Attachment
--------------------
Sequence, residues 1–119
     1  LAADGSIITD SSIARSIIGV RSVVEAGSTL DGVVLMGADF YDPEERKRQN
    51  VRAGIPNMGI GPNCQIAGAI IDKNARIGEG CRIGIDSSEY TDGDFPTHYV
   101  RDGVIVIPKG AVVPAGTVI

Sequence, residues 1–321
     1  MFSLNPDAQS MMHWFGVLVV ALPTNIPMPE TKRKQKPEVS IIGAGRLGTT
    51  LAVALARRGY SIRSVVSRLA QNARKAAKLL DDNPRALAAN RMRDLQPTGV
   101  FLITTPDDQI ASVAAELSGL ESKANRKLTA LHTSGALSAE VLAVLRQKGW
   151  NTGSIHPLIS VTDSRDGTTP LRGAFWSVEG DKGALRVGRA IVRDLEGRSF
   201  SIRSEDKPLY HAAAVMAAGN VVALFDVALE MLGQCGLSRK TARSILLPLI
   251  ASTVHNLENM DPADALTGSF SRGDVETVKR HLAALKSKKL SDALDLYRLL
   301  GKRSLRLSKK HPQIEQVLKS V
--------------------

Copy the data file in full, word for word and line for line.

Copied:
Sequence, residues 1–119
     1  LAADGSIITD SSIARSIIGV RSVVEAGSTL DGVVLMGADF YDPEERKRQN
    51  VRAGIPNMGI GPNCQIAGAI IDKNARIGEG CRIGIDSSEY TDGDFPTHYV
   101  RDGVIVIPKG AVVPAGTVI

Sequence, residues 1–321
     1  MFSLNPDAQS MMHWFGVLVV ALPTNIPMPE TKRKQKPEVS IIGAGRLGTT
    51  LAVALARRGY SIRSVVSRLA QNARKAAKLL DDNPRALAAN RMRDLQPTGV
   101  FLITTPDDQI ASVAAELSGL ESKANRKLTA LHTSGALSAE VLAVLRQKGW
   151  NTGSIHPLIS VTDSRDGTTP LRGAFWSVEG DKGALRVGRA IVRDLEGRSF
   201  SIRSEDKPLY HAAAVMAAGN VVALFDVALE MLGQCGLSRK TARSILLPLI
   251  ASTVHNLENM DPADALTGSF SRGDVETVKR HLAALKSKKL SDALDLYRLL
   301  GKRSLRLSKK HPQIEQVLKS V